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Category:    Home > Reviews > Action > Crime > Murder > Detective > War > Vietnam > Monster > Flight Of The Intruder/Jade/The Relic (Paramount/Lionsgate Blu-ray)

Flight Of The Intruder/Jade/The Relic (Paramount/Lionsgate Blu-ray)


Picture: B-/C+/C+     Sound: B/C+/B-     Extras: C-/C-/C     Films: C-/C/C



Paramount continues their licensing to Lionsgate of titles in their catalog for the Blu-ray format with three odder entries from three directors know for doing key genre work and exceeding genre in their work as well.  John Milius is known as a tough-guy writer/director from U.S. cinema’s counterculture past and writes many of his own films, while contributing to the Dirty Harry films and even Jaws.  William Friedkin helmed classics like The French Connection, The Exorcist and controversial films like Crusing and To Live & Die In L.A., will forever be associated with thrillers despite his work outside of them.  Peter Hyams is an action director whose hit Capricorn One was followed by memorable films like Outland, The Star Chamber and the underrated remake of Narrow Margin.


Each of these cases are attempts to do more commercial films and to have hits, but in all the cases, things did not go as planned.


Milius had the sorry timing of his 1991 film Flight Of The Intruder hitting theaters the weekend the U.S. started Operation Desert Storm, so that killed the picture financially and he has not directed a feature film since.  The tale of A-6 Intruder fighters used during the Vietnam debacle is a tough guy melodrama that never really worked despite a cast that includes Willem Dafoe, Danny Glover, Brad Johnson, Rosanna Arquette, Tom Sizemore, Ving Rhames and Red Brown.  Pretending Vietnam was a different situation (i.e., like WWII), the film is flat and dull with nowhere much to go.  Now, it is just a curio.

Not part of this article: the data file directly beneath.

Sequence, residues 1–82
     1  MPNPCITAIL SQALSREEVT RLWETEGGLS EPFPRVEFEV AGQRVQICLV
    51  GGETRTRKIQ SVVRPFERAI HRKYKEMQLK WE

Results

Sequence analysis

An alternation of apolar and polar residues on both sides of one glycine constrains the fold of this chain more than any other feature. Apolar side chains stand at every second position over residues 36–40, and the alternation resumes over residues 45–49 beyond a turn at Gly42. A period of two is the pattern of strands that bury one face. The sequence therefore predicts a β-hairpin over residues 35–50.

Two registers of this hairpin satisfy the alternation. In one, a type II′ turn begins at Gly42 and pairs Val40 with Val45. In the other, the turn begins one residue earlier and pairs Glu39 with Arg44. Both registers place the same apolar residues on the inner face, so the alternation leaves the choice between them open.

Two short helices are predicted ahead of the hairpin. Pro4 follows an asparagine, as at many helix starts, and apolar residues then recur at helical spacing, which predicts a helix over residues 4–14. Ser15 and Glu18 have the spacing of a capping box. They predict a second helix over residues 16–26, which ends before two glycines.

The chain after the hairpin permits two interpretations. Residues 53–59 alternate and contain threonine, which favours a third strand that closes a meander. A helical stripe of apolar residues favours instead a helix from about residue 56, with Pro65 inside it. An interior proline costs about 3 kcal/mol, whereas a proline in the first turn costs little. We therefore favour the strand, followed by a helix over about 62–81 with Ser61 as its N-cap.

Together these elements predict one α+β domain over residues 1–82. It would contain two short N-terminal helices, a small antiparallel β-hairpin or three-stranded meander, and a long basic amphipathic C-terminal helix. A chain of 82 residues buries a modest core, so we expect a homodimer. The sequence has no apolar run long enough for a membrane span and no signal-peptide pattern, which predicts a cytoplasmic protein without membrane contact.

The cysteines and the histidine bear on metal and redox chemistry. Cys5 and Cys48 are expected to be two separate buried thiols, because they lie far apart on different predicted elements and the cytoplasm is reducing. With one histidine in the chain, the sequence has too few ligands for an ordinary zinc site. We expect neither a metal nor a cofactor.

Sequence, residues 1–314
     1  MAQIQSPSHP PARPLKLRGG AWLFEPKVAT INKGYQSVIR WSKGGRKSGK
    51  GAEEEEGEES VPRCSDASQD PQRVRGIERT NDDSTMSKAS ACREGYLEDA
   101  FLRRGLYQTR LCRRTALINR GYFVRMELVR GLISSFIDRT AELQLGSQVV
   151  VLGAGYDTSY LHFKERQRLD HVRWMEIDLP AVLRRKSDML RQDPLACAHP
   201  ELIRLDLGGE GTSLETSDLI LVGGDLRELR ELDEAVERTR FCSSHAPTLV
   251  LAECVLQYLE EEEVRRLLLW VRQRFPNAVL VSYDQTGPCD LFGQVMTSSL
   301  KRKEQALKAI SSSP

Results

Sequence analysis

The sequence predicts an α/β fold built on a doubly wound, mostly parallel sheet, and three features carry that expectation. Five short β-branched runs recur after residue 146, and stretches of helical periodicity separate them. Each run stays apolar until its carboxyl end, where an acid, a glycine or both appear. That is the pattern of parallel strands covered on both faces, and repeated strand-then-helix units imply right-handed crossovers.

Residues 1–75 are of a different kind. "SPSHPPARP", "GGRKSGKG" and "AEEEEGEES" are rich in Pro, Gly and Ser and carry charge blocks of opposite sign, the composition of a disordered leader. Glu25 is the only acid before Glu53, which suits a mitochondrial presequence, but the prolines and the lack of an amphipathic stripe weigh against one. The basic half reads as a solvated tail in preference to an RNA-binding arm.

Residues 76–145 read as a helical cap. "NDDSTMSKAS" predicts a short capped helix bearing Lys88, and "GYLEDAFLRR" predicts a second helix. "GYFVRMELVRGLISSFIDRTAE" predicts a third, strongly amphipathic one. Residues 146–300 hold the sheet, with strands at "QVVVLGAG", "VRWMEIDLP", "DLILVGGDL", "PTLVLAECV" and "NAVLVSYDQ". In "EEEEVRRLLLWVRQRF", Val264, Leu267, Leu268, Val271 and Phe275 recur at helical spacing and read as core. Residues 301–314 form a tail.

Joe Eszterhas wrote Basic Instinct and every studio wanted another such hit, so studio head Sherry Lansing paired Friedkin (her husband) with the script for Jade (1995) and a cast that included David Caruso (still a target after leaving NYPD Blue), Linda Fiorentino, Chazz Palminteri, Michael Biehn, Richard Crenna, Kevin Tighe and Angie Everhart in a murder thriller with a killer wielding an old hatchet.  It is too similar to the previous hit in plot, but Friedkin tries to make it work.  This is the shorter R-rated cut and does not work as well as the uncut version, in fairness to all involved.  Add the critics out to get Eszterhas with those out to get Caruso and the film did not have a chance.


Hyams was hot off of a big hit with Jean-Claude Van Damme and a smaller film when he took on The Relic (1997) with Penelope Ann Miller at her early peak doing an action film in the James Cameron mode with a giant monster on the loose made possible by the title item.  No more than a fun genre film at best, it was not a big hit, but has its fans and with additional casting that includes Linda Hunt, James Whitmore, Tom Sizemore, Diane Robbin, Francis X. McCarthy, Audra Lindley and Constance Towers, you get odd casting as well that makes this oddly watchable more than you would think.  Too bad the script is formulaic.